Feb 20 2017

Federal Officials Should Disclose Vulnerabilities for Security’s Sake

When feds discover a loophole, they need to weigh whether to share that information — or exploit it for intelligence on the perpetrator behind the threat.

When the government finds a loophole, it faces a ­difficult choice: Should it disclose the vulnerability so that it can be patched and prevent criminals from exploiting the same flaw, or should it keep the loophole secret and use it to investigate crimes and gather intelligence?

To decide, the government weighs harm against harm in an exercise known as the Vulnerability Equities Process (VEP). While the precise details are classified, the Obama administration provided an overview of the criteria to determine whether to disclose a newfound vulnerability, commonly known as zero day.

Those factors include:

  • The extent to which the vulnerable system is used in core internet, critical infrastructure and the U.S. economy
  • The risk in leaving it unpatched
  • How badly the government needs the intelligence it might gain

Generally, government serves its goals best by disclosing vulnerabilities. When federal leaders take advantage of existing flaws to circumvent computer security, the only difference between their activity and criminal hacking is a legal one. As a technical matter, the two are indistinguishable.

However, any vulnerability the government exploits could be used by criminals as well. When the government sits on a newly discovered vulnerability, it exposes innocent users to increased risk.

For that reason, the White House has designed the process with a strong bias toward disclosure. (The National Security Agency notes that the government discloses 91 percent of zero-day vulnerabilities submitted through the formal process.)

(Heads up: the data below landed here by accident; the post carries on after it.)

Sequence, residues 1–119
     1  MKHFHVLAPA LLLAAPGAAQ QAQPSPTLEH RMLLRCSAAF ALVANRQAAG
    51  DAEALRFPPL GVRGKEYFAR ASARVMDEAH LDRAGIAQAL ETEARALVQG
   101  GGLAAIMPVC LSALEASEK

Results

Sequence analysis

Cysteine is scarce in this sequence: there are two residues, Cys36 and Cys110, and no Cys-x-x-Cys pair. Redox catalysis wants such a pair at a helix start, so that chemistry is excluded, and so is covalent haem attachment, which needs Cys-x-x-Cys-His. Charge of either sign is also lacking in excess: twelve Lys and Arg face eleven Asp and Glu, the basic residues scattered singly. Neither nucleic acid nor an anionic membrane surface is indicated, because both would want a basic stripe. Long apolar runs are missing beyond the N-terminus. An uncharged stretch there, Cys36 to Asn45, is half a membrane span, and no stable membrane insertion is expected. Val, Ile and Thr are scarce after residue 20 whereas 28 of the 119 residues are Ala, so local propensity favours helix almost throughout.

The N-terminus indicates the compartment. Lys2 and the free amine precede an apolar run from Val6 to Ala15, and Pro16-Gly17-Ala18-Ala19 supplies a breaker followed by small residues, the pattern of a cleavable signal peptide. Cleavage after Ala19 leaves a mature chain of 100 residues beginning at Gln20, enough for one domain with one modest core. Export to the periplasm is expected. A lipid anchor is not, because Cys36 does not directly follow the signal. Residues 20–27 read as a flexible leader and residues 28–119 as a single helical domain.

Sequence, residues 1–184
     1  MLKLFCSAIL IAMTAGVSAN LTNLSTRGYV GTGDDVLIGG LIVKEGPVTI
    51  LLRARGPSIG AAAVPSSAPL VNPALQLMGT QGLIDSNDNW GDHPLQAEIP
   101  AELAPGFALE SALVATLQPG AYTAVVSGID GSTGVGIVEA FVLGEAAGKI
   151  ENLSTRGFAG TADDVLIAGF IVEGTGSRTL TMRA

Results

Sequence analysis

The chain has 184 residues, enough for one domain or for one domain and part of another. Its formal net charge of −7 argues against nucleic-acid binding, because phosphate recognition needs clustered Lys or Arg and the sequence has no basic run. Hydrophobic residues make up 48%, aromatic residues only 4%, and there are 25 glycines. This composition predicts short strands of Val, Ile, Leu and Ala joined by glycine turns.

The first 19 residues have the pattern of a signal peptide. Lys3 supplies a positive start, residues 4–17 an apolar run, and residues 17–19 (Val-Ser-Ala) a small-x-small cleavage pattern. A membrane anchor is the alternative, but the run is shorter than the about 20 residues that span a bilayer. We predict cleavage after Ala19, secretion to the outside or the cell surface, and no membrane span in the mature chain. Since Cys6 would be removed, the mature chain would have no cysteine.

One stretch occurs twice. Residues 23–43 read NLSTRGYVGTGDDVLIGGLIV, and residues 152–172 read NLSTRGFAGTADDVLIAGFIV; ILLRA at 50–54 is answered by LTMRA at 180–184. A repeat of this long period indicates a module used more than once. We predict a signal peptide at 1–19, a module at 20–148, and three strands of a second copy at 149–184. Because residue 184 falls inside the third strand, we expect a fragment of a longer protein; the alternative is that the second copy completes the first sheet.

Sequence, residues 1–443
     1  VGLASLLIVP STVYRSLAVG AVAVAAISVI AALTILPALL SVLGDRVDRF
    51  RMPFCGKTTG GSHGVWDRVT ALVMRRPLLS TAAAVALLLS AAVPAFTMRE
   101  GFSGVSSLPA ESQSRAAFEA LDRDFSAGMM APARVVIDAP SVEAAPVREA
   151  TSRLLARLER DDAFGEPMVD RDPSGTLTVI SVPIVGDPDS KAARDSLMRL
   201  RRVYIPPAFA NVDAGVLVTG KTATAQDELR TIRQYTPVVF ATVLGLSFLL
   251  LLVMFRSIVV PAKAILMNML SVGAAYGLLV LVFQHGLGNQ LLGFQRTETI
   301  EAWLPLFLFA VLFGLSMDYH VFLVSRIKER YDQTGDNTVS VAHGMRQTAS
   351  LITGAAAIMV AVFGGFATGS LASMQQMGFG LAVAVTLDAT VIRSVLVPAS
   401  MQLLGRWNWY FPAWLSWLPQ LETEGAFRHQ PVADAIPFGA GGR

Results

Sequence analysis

Why Public Disclosure of Threats Is Vital 

Critics often point to specific instances where they believe the government unjustifiably failed to disclose flaws in widely utilized systems. They then use those examples as evidence of a broader failure of VEP.

In addition, critics call for further transparency to ensure the public is adequately informed. Those are fair points, and thoughtful proposals for reforming the reporting process exist.

But federal officials and observers have overlooked what occurs in the overwhelming majority of cases where the government discloses a threat. The primary reason for announcing a zero-day vulnerability is so the government can patch the flaw and remove the risk. Yet, in a speech in October, Curtis Dukes, then the NSA’s director of information assurance, said none of the high-profile intrusions, including those against government systems the past two years, are the result of zero-day vulnerabilities. Instead, attackers took advantage of poor cyberhygiene, such as unpatched systems, and used known techniques such as spear phishing.

The Best Path Forward

VEP reform should not focus on insufficient disclosures but instead center on insufficient responses to known vulnerabilities.

Because the government does not disclose which vulnerability reports are a result of the VEP, it is impossible to publicly track the rate at which patches are deployed. Still, instructive examples can be found elsewhere.

The U.K. Government Communications Headquarters publicizes when it shares vulnerabilities with industry, and in spring 2016, it reported two vulnerabilities in the Firefox browser to Mozilla.

If a formalized VEP hopes to better reflect the cybersecurity goals of government, then reforms should require industry and agencies to take steps to address vulnerabilities they learn about through the process.

In other words, vulnerability equities should not require disclosure for the sake of disclosure, but disclosure for the sake of security.


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